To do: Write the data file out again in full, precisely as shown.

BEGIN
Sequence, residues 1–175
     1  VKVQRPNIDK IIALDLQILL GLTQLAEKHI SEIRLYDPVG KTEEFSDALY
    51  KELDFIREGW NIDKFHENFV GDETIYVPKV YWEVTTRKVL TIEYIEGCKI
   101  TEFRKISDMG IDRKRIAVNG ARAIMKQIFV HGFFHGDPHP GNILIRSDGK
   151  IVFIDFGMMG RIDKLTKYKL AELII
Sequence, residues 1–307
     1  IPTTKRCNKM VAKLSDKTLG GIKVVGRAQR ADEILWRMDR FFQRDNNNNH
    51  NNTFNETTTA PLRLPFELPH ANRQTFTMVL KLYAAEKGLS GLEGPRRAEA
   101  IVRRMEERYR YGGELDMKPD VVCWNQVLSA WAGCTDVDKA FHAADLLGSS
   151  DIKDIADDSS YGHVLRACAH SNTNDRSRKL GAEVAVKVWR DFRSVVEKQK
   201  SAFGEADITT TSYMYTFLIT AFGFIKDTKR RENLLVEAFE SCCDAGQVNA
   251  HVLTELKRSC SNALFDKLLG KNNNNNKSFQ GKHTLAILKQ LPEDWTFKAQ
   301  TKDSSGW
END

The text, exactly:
Sequence, residues 1–175
     1  VKVQRPNIDK IIALDLQILL GLTQLAEKHI SEIRLYDPVG KTEEFSDALY
    51  KELDFIREGW NIDKFHENFV GDETIYVPKV YWEVTTRKVL TIEYIEGCKI
   101  TEFRKISDMG IDRKRIAVNG ARAIMKQIFV HGFFHGDPHP GNILIRSDGK
   151  IVFIDFGMMG RIDKLTKYKL AELII
Sequence, residues 1–307
     1  IPTTKRCNKM VAKLSDKTLG GIKVVGRAQR ADEILWRMDR FFQRDNNNNH
    51  NNTFNETTTA PLRLPFELPH ANRQTFTMVL KLYAAEKGLS GLEGPRRAEA
   101  IVRRMEERYR YGGELDMKPD VVCWNQVLSA WAGCTDVDKA FHAADLLGSS
   151  DIKDIADDSS YGHVLRACAH SNTNDRSRKL GAEVAVKVWR DFRSVVEKQK
   201  SAFGEADITT TSYMYTFLIT AFGFIKDTKR RENLLVEAFE SCCDAGQVNA
   251  HVLTELKRSC SNALFDKLLG KNNNNNKSFQ GKHTLAILKQ LPEDWTFKAQ
   301  TKDSSGW